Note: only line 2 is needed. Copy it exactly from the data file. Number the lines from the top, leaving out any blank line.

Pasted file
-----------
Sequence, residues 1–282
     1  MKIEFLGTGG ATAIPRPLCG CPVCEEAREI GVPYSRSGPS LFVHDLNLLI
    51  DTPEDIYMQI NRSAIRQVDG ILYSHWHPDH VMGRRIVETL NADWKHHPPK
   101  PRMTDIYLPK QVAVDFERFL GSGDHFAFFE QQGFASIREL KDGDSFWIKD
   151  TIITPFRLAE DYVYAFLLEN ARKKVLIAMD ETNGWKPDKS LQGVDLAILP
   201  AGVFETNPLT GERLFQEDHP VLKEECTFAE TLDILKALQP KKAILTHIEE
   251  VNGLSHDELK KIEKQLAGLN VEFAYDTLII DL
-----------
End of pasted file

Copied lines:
     1  MKIEFLGTGG ATAIPRPLCG CPVCEEAREI GVPYSRSGPS LFVHDLNLLI